This has moved to position itself firmly as a wine that trades on the strengths of Barossa shiraz, in an all-round way, while also incorporating McLaren Vale and Padthaway sourcing. Deep blackberries and redder fruit with a creamy, vanillin-laced nose and some cedar and tarry notes. The palate has a smooth build of fleshy fruit and silky, refined and polished tannin. Drink now or wait six years.
"A blend of fruit from Barossa, McLaren Vale and Padthaway, the 2017 Bin 28 Kalimna Shiraz is meant to replicate the Northern Barossa style of its namesake vineyard, with opulent dark fruit, savory spice notes of pepper and licorice and a full-bodied, plush mouthfeel. It's a delicious Shiraz for drinking over the next decade or so.
It's always a treat to sit with Chief Winemaker Peter Gago and taste through the latest releases from Penfolds. Despite losing one of his suitcases (thankfully, not the one with the newly bottled 2019 Bin 51 Riesling), he was in good humor, having just gone on a Manhattan clothes-shopping spree. The bulk of this year's wines come from the challenging 2017 vintage, but with the wide net Penfolds casts to source fruit, the winery seems capable of maintaining a remarkable degree of consistency. There are always a few wines from years on either side as well. Standouts this year include the dense, age-worthy 2016 St Henri Shiraz. This is a wine that never sees new, small-format oak, as it is aged in large oak vats. The 2017 RWT Shiraz (all Barossa Valley, all French oak) is a perennial favorite of mine, and it is reassuringly excellent. These wines differ stylistically from one another and from the flagship Grange, which is aged in new American oak hogsheads. This year's Grange release is the 2015, another strong effort. The biggest splash among this year's lineup is the debut of a new $1,700 Shiraz. The 2016 Bin 111A Shiraz is a blend of Clare Valley and Barossa Valley fruit previously ticketed for Grange, aged 18 months in new French hogsheads. It would be easy to dismiss it as another cynical marketing ploy, but it's yet another unique expression of Shiraz and the quality lives up to the lofty price tag. For the one-percenters lucky enough to snare a bottle or two, it'll provide immense pleasure for decades to come. - Joe Czerwinski"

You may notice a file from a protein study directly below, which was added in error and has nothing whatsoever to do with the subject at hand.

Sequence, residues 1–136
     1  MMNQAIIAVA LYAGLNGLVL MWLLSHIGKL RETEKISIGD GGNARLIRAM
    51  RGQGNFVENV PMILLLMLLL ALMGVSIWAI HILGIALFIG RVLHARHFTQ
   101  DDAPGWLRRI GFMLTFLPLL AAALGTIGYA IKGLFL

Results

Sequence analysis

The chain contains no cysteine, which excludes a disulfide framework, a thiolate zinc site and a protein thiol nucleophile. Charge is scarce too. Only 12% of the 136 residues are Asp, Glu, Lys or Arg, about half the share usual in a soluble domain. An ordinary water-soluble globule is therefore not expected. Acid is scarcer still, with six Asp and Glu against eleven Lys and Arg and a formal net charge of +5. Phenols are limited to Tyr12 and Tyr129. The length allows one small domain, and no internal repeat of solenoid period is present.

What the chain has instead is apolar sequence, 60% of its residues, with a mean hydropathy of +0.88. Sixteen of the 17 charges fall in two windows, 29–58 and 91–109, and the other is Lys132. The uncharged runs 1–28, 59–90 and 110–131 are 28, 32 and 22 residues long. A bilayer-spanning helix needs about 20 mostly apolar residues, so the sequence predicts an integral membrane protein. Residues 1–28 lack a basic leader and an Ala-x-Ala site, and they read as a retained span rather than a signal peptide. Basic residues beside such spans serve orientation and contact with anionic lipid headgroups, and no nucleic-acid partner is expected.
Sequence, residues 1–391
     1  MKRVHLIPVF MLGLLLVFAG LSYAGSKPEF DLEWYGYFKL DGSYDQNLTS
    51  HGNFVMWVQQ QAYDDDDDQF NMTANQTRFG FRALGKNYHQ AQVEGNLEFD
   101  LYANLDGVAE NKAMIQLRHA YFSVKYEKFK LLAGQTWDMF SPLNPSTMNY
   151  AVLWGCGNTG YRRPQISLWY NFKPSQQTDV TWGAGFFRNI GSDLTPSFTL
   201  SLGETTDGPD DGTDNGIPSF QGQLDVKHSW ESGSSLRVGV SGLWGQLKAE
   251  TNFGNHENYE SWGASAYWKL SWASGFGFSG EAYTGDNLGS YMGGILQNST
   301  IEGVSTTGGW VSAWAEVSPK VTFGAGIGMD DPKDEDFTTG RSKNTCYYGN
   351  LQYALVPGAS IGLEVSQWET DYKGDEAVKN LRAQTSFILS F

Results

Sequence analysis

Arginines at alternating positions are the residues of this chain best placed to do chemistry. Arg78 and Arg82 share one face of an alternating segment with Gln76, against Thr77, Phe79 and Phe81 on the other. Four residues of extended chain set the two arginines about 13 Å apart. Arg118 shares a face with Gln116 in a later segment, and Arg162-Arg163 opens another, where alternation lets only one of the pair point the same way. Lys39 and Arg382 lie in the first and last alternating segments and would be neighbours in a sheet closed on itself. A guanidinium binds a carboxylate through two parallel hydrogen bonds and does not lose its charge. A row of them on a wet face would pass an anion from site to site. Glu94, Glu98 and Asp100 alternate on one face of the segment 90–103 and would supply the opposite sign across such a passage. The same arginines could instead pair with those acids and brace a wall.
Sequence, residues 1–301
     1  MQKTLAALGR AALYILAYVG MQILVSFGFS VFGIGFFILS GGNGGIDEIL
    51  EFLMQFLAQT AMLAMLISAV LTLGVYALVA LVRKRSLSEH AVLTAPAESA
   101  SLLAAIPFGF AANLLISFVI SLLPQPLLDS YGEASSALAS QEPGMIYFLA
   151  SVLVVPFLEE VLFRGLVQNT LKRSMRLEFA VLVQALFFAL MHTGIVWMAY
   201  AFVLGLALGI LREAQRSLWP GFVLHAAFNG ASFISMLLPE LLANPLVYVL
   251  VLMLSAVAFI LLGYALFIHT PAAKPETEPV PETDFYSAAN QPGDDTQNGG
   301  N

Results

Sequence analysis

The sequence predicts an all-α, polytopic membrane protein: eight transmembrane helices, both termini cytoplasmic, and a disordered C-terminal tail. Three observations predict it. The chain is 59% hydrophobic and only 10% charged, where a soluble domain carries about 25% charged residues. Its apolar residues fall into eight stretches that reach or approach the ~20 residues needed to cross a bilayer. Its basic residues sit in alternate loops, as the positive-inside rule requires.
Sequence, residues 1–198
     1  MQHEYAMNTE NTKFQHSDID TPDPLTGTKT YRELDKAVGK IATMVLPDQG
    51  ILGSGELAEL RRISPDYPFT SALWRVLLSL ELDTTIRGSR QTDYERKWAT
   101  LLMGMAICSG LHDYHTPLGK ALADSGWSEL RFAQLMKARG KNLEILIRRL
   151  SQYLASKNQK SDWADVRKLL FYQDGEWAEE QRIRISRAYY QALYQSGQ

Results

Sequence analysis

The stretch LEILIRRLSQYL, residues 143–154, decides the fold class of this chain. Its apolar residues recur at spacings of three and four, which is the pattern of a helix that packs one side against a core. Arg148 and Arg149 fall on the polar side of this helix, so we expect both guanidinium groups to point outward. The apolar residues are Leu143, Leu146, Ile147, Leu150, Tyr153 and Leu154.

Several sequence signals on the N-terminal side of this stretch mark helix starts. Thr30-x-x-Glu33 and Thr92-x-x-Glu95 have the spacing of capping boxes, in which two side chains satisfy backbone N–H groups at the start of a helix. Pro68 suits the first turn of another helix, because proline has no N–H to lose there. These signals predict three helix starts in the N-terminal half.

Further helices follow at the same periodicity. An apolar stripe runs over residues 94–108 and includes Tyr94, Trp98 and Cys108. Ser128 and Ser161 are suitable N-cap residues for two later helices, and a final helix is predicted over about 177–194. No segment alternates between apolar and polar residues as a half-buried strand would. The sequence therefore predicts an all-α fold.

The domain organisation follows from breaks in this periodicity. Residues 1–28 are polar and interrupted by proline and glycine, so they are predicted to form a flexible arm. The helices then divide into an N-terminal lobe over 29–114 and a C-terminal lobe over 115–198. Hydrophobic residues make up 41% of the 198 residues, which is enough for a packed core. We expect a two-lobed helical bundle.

"COLOUR: Crimson red, a shimmer of garnet on rim.
NOSE: Exuberant aromatics. At first, back to school - memories of black jelly beans, then a gentle spectral gradation to red liquorice and redcurrants.
PALATE: Well-balanced. Whirling black fruits and an oscillating shiraz disposition - Bin 28 by any other name, personally intact. Flavours akin to a consomme of dried porcini mushrooms; structurally embedded with grainy/sandy tannins. Additionally, tobacco, tobasco and tamarind noted."
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